Art at the Park – Braxted Park

5 minutes

‘I gave up farming 30 years ago and now concentrate on creating biodiversity’

Thirty years ago Duncan Clark and his father stopped farming. The European Economic Community (EEC) was paying farmers to set aside land in effort to deal with the costly surpluses produced in Europe under the guaranteed price system of the Common Agricultural Policy. 

Duncan admits ‘my family were not great farmers as the land at Braxted Park, near Witham, is a poor mix of clay and soil’.

He explains: “The decade-long set-aside scheme worked for us and in the following decade we did the same under the Countryside Stewardship Scheme.

“By then, many areas of our land had become a haven for wildlife such nightingales and turtle doves so these little pockets of rewilding have now fitted into the Biodiversity Net Gain policy, created to support farmers when the UK came out of Europe.”

Environmental stewardship is one of Duncan’s main tasks, restoring the parkland to its 19th century glory as well as protecting ancient oaks through a process called haloing (a gradual process to free the tree’s crown to give it more light).

A further 200 acres outside the brick wall will be taken out of production as Duncan diversifies from pure arable on all his land to a mixture between arable (80%) and biodiversity (20%).

Duncan said: “We now have sheep and cattle so the land is being lightly managed and soon we will have a stretch of 200 acres given over to biodiversity with managed scrub, trees, wild grasses and plants.

"There is another scheme in Essex called the Big Green Internet ( to plant wildlife corridors and hedgerow to connect isolated ancient woodlands that once ran 100 miles from Clacton to Epping. As I am making a corridor here, the idea is to get my neighbours to do the same – I am very excited about this and we need to get everyone talking and working together.”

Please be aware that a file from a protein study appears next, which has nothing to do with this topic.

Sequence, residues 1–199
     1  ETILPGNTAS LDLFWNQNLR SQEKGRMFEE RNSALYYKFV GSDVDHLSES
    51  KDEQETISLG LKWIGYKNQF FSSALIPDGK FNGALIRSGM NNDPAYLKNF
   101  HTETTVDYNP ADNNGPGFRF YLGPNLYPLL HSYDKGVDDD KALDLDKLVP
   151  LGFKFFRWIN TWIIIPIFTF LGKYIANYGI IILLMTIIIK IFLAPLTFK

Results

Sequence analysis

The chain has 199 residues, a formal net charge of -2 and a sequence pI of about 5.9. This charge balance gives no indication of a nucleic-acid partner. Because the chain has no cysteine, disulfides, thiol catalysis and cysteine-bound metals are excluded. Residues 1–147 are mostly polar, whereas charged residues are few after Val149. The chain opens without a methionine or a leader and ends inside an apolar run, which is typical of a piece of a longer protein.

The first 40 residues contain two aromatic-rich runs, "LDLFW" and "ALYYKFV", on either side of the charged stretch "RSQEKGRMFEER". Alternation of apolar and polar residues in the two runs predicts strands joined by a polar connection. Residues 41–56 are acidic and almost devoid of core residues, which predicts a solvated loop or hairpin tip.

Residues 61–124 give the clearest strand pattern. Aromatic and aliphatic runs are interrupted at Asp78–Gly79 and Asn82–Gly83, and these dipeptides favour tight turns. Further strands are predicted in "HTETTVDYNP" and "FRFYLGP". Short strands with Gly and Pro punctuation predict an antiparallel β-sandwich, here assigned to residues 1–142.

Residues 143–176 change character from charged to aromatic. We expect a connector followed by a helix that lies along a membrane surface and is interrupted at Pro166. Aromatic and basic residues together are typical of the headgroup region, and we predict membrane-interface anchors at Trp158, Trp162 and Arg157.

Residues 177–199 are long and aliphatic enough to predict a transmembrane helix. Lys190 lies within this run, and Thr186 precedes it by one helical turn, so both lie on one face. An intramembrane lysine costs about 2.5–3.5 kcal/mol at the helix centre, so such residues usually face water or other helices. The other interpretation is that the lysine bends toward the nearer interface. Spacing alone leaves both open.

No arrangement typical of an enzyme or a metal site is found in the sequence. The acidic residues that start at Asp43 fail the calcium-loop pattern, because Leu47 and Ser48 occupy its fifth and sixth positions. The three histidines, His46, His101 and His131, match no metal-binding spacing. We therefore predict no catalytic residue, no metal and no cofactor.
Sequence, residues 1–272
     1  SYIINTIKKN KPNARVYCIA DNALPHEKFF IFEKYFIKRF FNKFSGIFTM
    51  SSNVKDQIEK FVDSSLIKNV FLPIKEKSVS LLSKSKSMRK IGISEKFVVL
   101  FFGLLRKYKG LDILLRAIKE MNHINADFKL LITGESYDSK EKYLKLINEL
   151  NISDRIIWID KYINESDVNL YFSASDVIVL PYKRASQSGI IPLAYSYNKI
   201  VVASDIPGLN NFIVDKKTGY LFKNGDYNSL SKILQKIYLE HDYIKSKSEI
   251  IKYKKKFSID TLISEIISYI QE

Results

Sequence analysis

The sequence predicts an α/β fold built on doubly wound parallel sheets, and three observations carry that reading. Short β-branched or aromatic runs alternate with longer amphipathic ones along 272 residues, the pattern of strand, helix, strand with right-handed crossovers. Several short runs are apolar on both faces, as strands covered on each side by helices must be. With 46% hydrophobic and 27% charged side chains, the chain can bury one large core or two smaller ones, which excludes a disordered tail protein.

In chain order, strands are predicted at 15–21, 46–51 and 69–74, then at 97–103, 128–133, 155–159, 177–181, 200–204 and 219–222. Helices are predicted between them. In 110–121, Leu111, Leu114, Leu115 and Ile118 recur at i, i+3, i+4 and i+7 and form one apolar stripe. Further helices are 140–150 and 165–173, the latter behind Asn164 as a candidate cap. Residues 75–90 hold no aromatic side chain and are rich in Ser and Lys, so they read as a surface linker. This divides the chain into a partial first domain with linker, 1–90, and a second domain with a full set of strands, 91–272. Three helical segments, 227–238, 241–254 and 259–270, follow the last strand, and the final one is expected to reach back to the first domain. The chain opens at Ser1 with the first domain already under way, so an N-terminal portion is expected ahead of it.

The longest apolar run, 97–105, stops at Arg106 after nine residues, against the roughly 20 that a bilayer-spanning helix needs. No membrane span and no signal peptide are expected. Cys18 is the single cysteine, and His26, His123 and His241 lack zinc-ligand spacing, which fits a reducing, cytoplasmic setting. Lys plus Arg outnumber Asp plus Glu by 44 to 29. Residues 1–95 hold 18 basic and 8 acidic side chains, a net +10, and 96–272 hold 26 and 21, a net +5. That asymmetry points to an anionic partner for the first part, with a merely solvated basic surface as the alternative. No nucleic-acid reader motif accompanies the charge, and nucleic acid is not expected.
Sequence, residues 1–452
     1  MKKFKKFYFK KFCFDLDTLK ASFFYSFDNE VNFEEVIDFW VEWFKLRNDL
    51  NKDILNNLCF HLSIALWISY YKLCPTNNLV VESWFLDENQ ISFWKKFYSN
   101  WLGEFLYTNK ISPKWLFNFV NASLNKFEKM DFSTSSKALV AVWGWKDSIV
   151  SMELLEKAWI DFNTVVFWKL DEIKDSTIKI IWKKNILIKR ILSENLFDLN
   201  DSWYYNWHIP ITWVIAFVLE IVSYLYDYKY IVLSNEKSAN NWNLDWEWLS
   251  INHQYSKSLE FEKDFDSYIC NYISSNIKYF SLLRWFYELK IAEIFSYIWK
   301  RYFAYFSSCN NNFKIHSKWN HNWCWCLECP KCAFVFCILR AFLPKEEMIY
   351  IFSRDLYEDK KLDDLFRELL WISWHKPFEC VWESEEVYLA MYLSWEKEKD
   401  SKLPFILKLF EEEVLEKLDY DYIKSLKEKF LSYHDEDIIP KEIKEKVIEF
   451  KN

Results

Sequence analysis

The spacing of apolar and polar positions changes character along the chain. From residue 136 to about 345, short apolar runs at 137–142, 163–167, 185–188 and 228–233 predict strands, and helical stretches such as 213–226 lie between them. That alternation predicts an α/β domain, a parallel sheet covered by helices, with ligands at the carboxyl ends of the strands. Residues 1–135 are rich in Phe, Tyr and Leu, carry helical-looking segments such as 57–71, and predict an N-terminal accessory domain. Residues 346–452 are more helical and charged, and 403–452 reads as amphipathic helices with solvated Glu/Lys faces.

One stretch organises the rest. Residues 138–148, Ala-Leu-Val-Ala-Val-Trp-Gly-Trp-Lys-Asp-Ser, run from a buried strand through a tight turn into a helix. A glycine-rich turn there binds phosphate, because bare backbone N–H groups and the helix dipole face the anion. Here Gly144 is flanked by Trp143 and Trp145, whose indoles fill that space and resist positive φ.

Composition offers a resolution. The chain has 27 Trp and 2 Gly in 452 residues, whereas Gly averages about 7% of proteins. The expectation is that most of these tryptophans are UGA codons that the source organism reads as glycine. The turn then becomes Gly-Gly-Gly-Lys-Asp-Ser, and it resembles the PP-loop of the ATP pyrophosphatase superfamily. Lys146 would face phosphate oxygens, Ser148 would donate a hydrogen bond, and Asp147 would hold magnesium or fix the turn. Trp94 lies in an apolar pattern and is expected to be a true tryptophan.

While visitors are charmed by Braxted Park’s tree-lined drive with sweeping views of a red-brick Georgian mansion with unusual octagonal-paned sash windows, Duncan and his wife Nicky work tirelessly behind the scenes to keep their country home up and running.

The house and parkland are of special historic interest, listed Grade II* with a Grade II four-and-a-half mile brick wall. Braxted Park has been home to the Clark family since Sir Allen Clark acquired the estate on behalf of the Plessey Company in 1947.

Originally, a deer park, the house was built by Peter Du Cane who commissioned architect Sir Robert Taylor in 1750. His son, Peter II, spent many years on the Grand Tour of Europe and when he inherited the house in 1802 he added features influenced by his travels including the lakes and a cave/hermitage (which was probably used as a game larder) modelled on Hadrian’s Villa in Tivoli, Italy. His son, Peter III, took over the house in 1855 and was responsible for building the long brick wall.

After World War I, the house was sold to William Boulton in 1919, who then sold it to Sir Allen. Duncan’s father Michael Clark CBE DL bought the property as a private house in 1965 and Duncan inherited in 1994.

(Image: Braxted Park)

Duncan and Nicky run five businesses at Braxted Park and Duncan says: “Our business income has saved the estate, although I have to say that the four-and-a-half-mile brick wall is the bane of my life.”

He explains: “My budget for repairing the wall was £1.2 million. It is three courses thick and as soon as I have restored it, the wall falls down again. Salt that’s spread on the roads in bad weather doesn’t help as it fetches out the mortar.